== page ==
Eighteen subjects agreed to undergo to psychiatric assessment. Three patients resulted to have a psychiatric disorder according to SCID-I: 1 suffered from generalized anxiety disorder (GAD) (N. 4), 1 from bipolar disorder type 2 (N. 12) and 1 from adjustment disorder as a consequence of PNH diagnosis (N. 2). No patient manifested acute psychopathology at the time of assessment; however, 4 patients (N. 2, N. 4, N. 9 and N. 12) displayed mild psychiatric symptoms according to BPRS (Table 3). Only one patient (N. 7) showed a deficit of attentional and executive functions, and visual-motor coordination at TMT (prevalently in part B). As regards perception of healthy state (SF-36), 2 patients complained of remarkable limitation of work and other daily activities (RP), together with an increased perception of bodily pain (BP), and half of the patients declared an impairment of the normal social activities (SF). Surprisingly, all patients declared physical and mental well-being (no pathological findings at PF and MH) in spite of the limits imposed by their physical condition; consistently, Hb values were negatively correlated with the physical functioning scores (PF) (r = −0.43, p < 0.05), i.e. the more anaemic patients declare a fitting bodily performance. Finally, the emotional-affective well being scores (MH) negatively correlated with the disease duration (r = −0.51, p < 0.05), suggesting a progressive insight of the disease. No relationship was observed between MRI findings and neuro-psychiatric assessment.
This is the first systematic evaluation of brain MRI findings and neuro-psychiatric status in neurologically asymptomatic PNH patients. Pathological MRI findings, involving the periventricular and deep WM as well as the vascular district, were observed in more than a half of patients, this overall frequency being not significantly different from that observed in age- and gender-matched controls. However, the frequency of severe WM lesions (both periventricular and deep) was greater in PNH, and the overall degree of ischemic lesions was significantly greater in PNH cases compared with controls. Moreover, vascular abnormalities suspected for prior partial venous thrombosis, were observed in PNH cases only. Finally, a patient showed MRI findings suggestive of prior partial thrombosis of the transverse venous sinus, consistently with the observation that the transverse sinus was the second most frequent site of cerebral venous thrombosis in PNH patients with stroke17.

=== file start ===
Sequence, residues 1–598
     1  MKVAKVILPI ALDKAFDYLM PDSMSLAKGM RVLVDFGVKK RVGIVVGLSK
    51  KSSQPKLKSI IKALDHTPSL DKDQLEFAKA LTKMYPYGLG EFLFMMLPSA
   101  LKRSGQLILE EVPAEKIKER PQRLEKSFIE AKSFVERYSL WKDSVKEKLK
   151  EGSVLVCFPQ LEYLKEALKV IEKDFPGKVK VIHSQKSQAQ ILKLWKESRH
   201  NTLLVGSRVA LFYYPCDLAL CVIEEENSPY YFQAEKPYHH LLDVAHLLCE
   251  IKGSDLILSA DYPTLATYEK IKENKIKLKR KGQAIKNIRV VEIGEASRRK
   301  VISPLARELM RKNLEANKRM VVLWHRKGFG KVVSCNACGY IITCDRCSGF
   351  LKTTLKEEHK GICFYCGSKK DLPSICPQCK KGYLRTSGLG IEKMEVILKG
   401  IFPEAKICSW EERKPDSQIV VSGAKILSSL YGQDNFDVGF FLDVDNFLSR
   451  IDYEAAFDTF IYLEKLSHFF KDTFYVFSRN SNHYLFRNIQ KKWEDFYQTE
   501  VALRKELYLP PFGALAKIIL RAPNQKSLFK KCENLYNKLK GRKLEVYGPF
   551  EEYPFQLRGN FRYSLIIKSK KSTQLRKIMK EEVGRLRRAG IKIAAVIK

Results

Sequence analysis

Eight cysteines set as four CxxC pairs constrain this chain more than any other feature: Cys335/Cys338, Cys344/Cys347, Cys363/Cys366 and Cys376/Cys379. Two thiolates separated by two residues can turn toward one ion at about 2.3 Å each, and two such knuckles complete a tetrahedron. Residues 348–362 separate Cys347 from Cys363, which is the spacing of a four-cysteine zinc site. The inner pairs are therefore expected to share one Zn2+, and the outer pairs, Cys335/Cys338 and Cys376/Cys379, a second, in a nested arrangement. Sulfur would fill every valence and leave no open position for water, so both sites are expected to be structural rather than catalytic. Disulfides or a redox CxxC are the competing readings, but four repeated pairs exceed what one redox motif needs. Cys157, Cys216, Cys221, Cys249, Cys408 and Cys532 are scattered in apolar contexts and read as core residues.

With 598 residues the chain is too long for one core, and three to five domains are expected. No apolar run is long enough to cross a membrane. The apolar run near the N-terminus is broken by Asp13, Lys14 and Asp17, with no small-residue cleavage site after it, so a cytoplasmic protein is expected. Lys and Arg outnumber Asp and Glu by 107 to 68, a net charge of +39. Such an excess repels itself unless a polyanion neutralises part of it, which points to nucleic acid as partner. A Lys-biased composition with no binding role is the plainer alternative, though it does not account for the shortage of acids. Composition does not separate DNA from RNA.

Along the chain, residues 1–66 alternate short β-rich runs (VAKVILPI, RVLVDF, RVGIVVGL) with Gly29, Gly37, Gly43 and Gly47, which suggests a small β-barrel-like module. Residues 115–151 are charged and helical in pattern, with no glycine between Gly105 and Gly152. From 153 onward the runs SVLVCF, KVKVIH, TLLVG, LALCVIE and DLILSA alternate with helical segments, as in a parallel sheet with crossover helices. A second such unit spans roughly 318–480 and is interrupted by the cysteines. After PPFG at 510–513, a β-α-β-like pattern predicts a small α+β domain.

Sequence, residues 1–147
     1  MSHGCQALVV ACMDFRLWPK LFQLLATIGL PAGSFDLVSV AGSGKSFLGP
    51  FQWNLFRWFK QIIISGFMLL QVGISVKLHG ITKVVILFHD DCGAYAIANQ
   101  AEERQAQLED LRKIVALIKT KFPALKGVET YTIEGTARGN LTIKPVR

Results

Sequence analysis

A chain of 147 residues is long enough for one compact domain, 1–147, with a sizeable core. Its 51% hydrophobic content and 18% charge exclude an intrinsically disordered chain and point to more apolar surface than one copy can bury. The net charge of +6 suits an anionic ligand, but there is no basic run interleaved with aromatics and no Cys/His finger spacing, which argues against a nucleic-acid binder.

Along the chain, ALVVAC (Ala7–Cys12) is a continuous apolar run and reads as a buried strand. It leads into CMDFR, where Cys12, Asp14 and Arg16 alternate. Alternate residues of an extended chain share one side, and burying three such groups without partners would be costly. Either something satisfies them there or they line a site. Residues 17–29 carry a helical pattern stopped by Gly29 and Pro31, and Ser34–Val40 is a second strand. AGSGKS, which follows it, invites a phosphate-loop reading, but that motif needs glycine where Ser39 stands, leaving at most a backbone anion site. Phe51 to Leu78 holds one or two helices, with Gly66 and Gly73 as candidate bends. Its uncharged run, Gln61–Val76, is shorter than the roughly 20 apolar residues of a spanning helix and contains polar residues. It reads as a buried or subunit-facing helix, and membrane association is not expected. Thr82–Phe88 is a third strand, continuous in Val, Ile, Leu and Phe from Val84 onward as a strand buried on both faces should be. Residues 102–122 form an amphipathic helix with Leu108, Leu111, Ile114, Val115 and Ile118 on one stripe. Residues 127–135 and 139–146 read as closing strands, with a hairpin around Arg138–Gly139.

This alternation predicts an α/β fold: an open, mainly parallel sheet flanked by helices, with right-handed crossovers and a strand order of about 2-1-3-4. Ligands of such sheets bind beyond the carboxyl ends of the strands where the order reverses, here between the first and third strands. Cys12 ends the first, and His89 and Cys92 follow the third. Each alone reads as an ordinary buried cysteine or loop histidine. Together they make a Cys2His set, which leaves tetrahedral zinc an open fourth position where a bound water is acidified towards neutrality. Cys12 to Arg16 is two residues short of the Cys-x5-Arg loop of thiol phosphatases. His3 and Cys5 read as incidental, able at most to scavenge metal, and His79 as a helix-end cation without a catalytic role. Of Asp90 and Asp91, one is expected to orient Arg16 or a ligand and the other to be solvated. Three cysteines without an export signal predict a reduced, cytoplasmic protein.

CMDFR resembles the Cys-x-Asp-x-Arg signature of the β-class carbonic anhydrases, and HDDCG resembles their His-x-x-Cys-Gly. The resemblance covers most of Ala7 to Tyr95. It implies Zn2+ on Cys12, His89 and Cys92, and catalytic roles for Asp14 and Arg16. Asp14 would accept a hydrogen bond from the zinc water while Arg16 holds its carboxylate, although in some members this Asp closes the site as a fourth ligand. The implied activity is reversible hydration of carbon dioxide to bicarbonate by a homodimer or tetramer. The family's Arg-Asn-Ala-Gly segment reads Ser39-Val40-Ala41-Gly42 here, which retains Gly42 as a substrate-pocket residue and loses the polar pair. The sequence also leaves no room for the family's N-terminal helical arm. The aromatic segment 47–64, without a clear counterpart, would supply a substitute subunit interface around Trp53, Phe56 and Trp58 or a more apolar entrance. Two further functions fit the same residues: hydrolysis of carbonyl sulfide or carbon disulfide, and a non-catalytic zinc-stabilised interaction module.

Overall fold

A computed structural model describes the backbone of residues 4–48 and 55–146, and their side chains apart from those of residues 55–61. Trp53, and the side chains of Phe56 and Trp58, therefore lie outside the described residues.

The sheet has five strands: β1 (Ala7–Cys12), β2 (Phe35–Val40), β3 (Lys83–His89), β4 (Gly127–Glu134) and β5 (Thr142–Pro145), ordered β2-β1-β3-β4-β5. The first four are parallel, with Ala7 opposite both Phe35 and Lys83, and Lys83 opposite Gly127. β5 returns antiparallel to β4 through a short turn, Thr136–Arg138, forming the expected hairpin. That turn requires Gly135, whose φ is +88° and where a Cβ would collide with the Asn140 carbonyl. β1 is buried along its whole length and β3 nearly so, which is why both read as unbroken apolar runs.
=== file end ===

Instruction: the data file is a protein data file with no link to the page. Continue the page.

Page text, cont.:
Our results showed no definite relationship between MRI pathological findings and history of previous thrombosis/abdominal pain, nor with known parameters that identify the clinical severity of PNH, in particular the clone size and LDH. It is known that overt thrombotic events occur more frequently in patients with large clone sizes, however, they are also observed in cases with small PNH clones22. It is worth considering that our PNH population is mostly composed by hemolytic patients, where thrombotic complications may be more frequent. However, MRI results underline that ischemic and vascular abnormalities may be observed even in less severe cases, with smaller clones and normal hemoglobin values. Regarding therapy, of the 10 patients on eculizumab, 7 had some ischemic/vascular involvement, likely reflecting more severe and long-lasting disease. Since the study has a retrospective design and no MRI findings are available before the start of therapy, no speculations can be done on the protective effect of eculizumab on the development or worsening of vascular injury. However, it is worth mentioning that a severe focal abnormality (with a diameter greater than 5 mm) was observed in a 60 year-old man with no other known risk factors (hypertension, obesity, smoke) never treated with eculizumab. Interestingly, reduced small bowel blood flow by abdominal MRI has been useful in the decision to start therapy with eculizumab in patient N. 1623.
Little is known about the natural history of WM changes in the general population, starting from their development to possible subsequent progression, due to the fact that MRI imaging is expensive and impractical for large scale population based studies. In 396 patients with acute stroke followed up to 12 years, ARWMC seems to be a significant predictor of poor long term survival and death by ischemic stroke24. Moreover, in a large non-institutionalized cohort of subjects aged >65 years without a history of stroke and followed-up for more than 10 years, ARWMCs predicted total cardiovascular and non-cardiovascular mortality25. MRI is considered the gold standard to identify both ischemic and vascular lesions of central nervous system and it is increasingly used in hemolytic disorders with known ischemic involvement, such as sickle cell disease (SCD), thrombotic microangiopathies and vasculitis26,27,28,29. In SCD up to 40% of cases were found to display silent cerebral infarction by MRI and these changes are related to cognitive impairment in adults26,30 and seem to start early in the course of the disease31. More recently, by resting state functional MRI, a selective disruption of connectivity among relevant regions of the brain was observed in SCD, potentially leading to reduced cognition and altered functional brain dynamics32. In our cases, no significant cognitive impairment was found despite MRI alterations. Neither significant psychiatric symptoms nor a perception of poor health were found, although PNH subjects had insight about limitations in social functioning. Paradoxically, patients with more severe forms of illness (e. g, with lower hemoglobin values) reported higher levels of physical activities. One explanation, in absence of acute psychiatric disorders, might be that patients can benefit of a specialized care, and this may affect patients’ mood and related energies. Whether these observations are characteristic of PNH or are related to a chronic disease is difficult to define and may deserve further investigation.